You need to understand that I am going to go from John to Luke, and I am mixing both stories. John says Jesus sent the disci pies out to fish, started a fire, and then asked them did they have any meat. Then Simon said, “. . . Master, we have toiled all night and have taken nothing: . . .” (Luke 5:5). In other words, it wasn’t just Simon, but it was the other disciples as well. They all attempted to fish by night. Do you understand that most fishermen fish at night? I’m not sure if it is because the waters are calmer, or if it is because the fish are more subdued, or if it is because the nets are undetectable. But for whatever reason, John tells us in verse 3 that they went fishing by night. The Scripture highlights that they caught nothing. Then John brings it to us this way: “…When the morning was now come, Jesus stood on the shore; but the disciples knew not that it was Jesus” (John 21:4). If Jesus sent you fishing and you came back to where He sent you from, then why could you not recognize Him? Jesus was standing by the shore when they showed up empty handed, and they couldn’t recognize Him. Could we work so long in the night that we can’t see in the day? Is it possible that so many of us are attempting to accomplish things in the night that we can’t recognize the God of the day?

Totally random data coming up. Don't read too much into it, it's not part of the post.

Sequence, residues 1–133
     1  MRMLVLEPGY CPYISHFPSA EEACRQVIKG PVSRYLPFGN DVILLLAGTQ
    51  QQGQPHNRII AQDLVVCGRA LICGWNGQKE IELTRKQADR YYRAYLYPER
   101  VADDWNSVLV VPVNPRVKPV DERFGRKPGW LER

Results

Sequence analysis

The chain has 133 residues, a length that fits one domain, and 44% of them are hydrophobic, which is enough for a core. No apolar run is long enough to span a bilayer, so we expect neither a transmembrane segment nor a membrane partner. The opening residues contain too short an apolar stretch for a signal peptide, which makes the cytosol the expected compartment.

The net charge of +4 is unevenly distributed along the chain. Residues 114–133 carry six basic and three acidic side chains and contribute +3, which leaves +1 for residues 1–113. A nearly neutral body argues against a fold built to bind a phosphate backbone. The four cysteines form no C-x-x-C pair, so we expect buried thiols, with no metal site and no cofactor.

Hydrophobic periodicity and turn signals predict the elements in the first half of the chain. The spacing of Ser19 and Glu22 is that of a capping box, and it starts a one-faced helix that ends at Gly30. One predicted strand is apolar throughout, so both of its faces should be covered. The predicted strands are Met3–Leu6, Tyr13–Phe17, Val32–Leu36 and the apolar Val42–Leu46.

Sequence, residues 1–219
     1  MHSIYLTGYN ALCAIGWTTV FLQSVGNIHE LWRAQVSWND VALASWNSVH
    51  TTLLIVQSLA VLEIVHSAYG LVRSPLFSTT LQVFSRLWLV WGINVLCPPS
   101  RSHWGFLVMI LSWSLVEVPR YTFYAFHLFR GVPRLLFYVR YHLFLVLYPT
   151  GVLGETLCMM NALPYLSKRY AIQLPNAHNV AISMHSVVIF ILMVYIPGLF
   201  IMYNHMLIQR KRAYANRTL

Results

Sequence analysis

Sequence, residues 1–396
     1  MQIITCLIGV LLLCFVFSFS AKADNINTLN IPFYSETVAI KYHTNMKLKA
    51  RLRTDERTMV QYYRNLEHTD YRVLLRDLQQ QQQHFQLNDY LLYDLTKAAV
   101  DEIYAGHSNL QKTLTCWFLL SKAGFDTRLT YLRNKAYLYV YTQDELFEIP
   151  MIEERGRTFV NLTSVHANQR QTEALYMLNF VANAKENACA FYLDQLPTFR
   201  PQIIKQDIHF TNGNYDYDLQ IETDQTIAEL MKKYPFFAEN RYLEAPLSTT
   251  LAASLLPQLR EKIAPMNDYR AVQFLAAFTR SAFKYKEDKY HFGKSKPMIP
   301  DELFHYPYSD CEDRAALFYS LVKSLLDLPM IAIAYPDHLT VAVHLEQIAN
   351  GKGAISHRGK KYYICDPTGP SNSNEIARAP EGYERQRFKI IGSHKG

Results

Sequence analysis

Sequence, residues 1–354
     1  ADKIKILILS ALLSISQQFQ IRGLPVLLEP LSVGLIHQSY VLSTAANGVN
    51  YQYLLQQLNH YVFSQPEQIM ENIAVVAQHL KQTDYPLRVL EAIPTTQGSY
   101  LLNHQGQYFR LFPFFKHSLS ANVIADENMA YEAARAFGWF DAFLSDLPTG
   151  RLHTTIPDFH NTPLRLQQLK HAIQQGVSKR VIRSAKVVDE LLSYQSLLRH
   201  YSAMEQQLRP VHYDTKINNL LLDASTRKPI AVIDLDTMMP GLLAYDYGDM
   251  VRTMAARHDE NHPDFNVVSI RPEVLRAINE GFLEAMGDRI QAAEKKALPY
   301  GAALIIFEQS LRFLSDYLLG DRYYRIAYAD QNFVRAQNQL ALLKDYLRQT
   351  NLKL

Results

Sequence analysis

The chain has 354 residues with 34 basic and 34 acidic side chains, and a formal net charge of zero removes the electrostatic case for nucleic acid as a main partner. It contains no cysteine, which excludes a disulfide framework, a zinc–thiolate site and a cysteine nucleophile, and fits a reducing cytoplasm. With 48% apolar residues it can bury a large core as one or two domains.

So Jesus asked did they have any meat and they replied, “No.” “. . . He said unto Simon, Launch out into the deep, and let down your net for a draught” (Luke 5:4). I can just imagine Simon looking at Jesus with the rest of the disciples and saying, “Lord, we have been there and done that. You are telling us to go back where have just fished all night, and You are telling me I am going to plan an abundance of fish.” In John 21:6, the Scripture narrates, “… .cast the net on the right side of the ship . . .”. Is it possible we could be fishing on the wrong side? Is it possible you have the right job but the wrong position? Is it possible you are in the right place but the wrong location? Think about it: right profession but wrong employer. What difference does it make what side you cast the net on? Fish are fish. They aren’t particular about left hand or right hand. All they are concerned with is the bait. Sometimes, it’s not about the fish. Sometimes it is about the fishermen. You could be in the right position but in the wrong place.